Parks and gardens in Germany are among the country’s most overlooked attractions. Yet displays of horticulture can be found everywhere. They take the form of baroque palace parklands and botanical gardens, full of diverse, lush vegetation. And then there are the grounds of the National Garden Shows (Bundesgartenschau), which regularly take place across the country. Germany even has a whole island that is dedicated to flowers and all manner of plants.
Baroque Splendour: Schwetzingen Palace Gardens
For many Germans, Baden-Württemberg has long been a kind of transit state on their way south towards Italy or France. But this is rapidly changing, as more and more Germans spend their holidays in their own country. The region’s magnificent residential palaces delight visitors with some of the most attractive parks in Germany.
In Schwetzingen, for example, there is a palace garden that is one of the most beautiful in the country. It was the aristocratic Elector Carl Phillip who commissioned the construction of the residential palace here. In his plans, he attached great importance to exotic plants; an element reflected in the elegant orangery. The complex combines the geometric elements of the baroque garden with more organic landscapes. The style was initially French in style, before changing to what is known as the English Garden. This unusual and wonderful blend makes Schwetzingen Palace Gardens not only worth a stopover but also a journey in itself.
Modern Lightness: The National Garden Show Grounds in Koblenz
Koblenz enjoys a privileged location at the confluence of the Moselle and Rhine rivers. From the city, vistors can gaze out over the steep slopes of the Middle Rhine Valley. Yet Koblenz was considered to be a bit of a backwater until the city hosted the National Garden Show in 2011. Since then, Koblenz has literally blossomed. Near the imposing fortress of Ehrenbreitbach, a diverse park landscape with lush vegetation unfolds.
One of the architectural highlights is the “Rhein-Mosel-Blick” viewing platform. From up here, visitors can savour the landscapes of the Rhineland-Palatinate and the “Deutsches Eck” (German Corner), where the two rivers meet. Make sure not to miss the cable car, which has been transporting guests from the grounds of the National Garden Show to the banks of the Rhine, near the city centre, since 2011.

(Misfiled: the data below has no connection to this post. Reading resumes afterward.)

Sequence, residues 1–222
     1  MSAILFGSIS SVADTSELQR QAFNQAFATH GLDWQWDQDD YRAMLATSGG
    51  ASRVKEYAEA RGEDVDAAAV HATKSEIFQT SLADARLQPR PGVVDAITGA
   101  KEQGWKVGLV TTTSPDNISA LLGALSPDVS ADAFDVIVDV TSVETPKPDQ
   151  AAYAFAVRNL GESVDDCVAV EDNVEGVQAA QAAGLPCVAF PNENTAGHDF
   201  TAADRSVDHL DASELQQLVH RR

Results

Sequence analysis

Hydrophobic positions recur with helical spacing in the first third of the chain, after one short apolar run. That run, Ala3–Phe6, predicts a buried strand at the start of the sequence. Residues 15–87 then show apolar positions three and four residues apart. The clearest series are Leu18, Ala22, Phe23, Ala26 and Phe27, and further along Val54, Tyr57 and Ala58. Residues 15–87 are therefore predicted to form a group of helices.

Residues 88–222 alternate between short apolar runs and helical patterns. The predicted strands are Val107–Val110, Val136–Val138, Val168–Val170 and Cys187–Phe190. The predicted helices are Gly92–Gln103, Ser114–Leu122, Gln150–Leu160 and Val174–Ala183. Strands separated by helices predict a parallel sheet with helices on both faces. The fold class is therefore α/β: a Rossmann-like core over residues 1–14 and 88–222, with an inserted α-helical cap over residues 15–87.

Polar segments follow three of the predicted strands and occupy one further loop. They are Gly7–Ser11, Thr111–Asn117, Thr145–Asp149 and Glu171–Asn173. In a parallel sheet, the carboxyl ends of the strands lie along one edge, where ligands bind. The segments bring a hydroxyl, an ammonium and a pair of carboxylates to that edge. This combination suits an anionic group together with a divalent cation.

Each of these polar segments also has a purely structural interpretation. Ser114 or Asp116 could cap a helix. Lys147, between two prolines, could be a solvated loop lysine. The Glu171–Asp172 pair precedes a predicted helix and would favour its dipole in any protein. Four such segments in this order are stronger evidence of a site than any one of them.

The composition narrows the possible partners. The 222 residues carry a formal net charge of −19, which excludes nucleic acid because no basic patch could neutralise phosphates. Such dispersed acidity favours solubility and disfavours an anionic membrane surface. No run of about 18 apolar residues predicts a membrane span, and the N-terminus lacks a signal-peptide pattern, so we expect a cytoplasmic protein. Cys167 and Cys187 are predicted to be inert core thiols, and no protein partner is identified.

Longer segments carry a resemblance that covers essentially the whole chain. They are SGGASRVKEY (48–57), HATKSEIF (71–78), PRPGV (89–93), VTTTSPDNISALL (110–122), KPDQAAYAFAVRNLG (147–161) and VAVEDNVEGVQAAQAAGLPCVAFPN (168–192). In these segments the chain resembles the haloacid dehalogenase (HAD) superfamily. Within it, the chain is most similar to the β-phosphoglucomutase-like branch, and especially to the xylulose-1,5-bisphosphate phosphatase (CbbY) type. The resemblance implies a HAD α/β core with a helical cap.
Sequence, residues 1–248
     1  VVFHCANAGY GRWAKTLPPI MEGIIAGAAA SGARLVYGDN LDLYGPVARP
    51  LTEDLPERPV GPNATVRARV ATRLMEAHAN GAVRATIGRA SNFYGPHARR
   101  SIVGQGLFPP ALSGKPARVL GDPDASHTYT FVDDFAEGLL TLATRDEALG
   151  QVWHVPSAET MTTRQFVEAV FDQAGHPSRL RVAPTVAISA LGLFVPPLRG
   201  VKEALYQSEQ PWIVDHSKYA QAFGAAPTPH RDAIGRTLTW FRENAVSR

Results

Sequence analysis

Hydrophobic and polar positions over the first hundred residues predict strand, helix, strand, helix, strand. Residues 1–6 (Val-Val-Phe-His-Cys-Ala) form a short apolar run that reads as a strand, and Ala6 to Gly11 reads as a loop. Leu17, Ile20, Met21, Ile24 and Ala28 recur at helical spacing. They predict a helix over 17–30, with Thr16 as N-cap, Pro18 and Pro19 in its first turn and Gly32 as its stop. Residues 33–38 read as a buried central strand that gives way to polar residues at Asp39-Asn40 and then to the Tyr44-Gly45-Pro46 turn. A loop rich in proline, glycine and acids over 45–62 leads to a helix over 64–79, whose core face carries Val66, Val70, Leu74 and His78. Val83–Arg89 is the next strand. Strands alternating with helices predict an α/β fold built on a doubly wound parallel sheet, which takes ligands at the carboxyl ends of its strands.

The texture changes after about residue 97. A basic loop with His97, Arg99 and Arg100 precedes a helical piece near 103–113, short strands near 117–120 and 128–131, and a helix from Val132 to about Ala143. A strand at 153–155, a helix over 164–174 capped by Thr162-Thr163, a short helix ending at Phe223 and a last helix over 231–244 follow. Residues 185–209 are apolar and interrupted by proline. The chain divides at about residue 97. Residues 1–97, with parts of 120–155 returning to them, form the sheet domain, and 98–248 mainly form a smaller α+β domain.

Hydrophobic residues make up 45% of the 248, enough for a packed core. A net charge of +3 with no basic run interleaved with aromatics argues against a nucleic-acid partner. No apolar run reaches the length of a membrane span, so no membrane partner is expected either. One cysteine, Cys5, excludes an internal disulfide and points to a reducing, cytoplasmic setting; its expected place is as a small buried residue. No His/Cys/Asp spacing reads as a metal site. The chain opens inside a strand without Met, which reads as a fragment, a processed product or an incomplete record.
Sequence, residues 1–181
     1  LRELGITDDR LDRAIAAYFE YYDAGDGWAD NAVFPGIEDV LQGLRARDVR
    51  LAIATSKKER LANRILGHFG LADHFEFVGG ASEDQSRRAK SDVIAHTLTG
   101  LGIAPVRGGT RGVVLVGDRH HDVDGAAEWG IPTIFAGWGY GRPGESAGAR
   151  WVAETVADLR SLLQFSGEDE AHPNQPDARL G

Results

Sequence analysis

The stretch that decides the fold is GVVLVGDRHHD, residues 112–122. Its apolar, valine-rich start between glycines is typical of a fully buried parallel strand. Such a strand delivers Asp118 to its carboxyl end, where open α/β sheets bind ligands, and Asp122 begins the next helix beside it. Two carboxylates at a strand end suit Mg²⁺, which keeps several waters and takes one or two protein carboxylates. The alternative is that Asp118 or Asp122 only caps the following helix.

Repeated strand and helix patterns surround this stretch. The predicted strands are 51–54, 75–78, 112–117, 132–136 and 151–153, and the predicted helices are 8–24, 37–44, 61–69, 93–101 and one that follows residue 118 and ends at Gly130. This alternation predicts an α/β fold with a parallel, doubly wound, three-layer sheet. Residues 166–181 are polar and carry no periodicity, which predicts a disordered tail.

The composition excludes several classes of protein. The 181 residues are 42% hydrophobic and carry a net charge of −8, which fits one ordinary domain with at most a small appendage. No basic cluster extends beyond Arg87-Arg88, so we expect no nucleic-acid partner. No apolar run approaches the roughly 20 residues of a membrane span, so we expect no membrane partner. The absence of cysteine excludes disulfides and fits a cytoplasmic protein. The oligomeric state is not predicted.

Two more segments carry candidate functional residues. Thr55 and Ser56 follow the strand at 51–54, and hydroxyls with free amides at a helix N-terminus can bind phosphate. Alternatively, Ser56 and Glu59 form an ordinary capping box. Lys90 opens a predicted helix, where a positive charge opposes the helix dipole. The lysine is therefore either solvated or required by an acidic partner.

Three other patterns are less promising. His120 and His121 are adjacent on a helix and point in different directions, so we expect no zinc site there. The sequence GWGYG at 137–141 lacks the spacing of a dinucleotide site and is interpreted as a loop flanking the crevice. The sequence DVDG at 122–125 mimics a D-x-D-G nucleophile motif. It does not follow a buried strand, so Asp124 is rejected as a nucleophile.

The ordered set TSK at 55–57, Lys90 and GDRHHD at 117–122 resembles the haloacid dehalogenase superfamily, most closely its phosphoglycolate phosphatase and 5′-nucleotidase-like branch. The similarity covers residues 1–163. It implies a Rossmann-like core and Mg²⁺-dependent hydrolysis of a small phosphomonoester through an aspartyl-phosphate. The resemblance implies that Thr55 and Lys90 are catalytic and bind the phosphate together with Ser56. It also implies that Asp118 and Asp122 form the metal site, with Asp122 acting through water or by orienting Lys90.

Botanical Diversity: Flora in Cologne
The “Flora” in Cologne is something a little bit different. This botanical garden, in the north of the city, was created in 1864, when the city’s existing botanical garden had to make way for the new central railway station.
A park with an area of more than 11 hectares was built, with many striking elements. At the main entrance, a geometric flower bed and a dazzling fountain in its centre grab visitors’ attention. Behind it stands the main building of the “Flora“, with its banqueting hall; the scene of many fabulous balls. A large greenhouse, Europe’s most northerly avenue of palm trees and stunning displays of tulips and other colourful flowers are simply a pleasure to see. Many locals from Cologne visit the “Flora“ for a bite to eat at the “Dank Augusta” restaurant. It’s a great spot to enjoy delicious snacks and an uninterrupted view of the park.
An Island Full of Flowers: Mainau Island
A whole island like a single botanical garden? Sounds like a dream. But the island of Mainau, located in Lake Constance, is a reality. In Germany, Mainau is also known simply as the “Blumeninsel” – the island of flowers. Thanks to its mild climate, all kinds of plants, flowers and trees thrive here that can hardly be found anywhere else in Germany.
On Mainau, visitors can delve into an Italian rose garden, stroll through an elegant arboretum, or admire breathtaking blooms in the dahlia garden. In a large greenhouse, various species of palm trees vie for visitors’ attention. In a riverside garden a flower clock tells the time, while the island’s historical collection of citrus trees takes on the aspect of an orangery. Mainau, the island of flowers, can give any of Germany’s stunning palace gardens a run for their money.
Ode to the Enlightenment: The Wörlitz Park in the Garden Kingdom of Dessau-Wörlitz
The Gartenreich (Garden Kingdom) Dessau-Wörlitz is a landscape park with huge dimensions. This 142km² area of cultural landscape lies in Saxony-Anhalt and has enjoyed UNESCO World Heritage status since 2000, located alongside the River Elbe in the Middle Elbe biosphere reserve. The park was created in the second half of the 18th century by Leopold III Friedrich Franz von Anhalt-Dessau. As a prince of the Enlightenment, Leopold was not a fan of Baroque gardens, with their suppression of nature and symmetrical plans. For this reason, and also perhaps due to the Prince’s travels in Great Britain, the Gartenreich was developed in a more English style. Its sheer size alone gives it a special position among Germany’s gardens. Numerous palaces, churches and other historical buildings can also be found in the park.
Perhaps the best-known section of the Gartenreich is the Wörlitz Gardens, most of which were created between 1769 and 1773. Just as it was in politics and philosophy, the concept of the Enlightenment was new for horticulture. The Wörlitz Gardens illustrate that, during the Enlightenment, the creation of gardens was no longer purely about appearance or entertainment. Rather, the vegetation and other design elements were to have a concrete use, and in some way improve life. From this period on, mankind and its advancement became the measure of all things.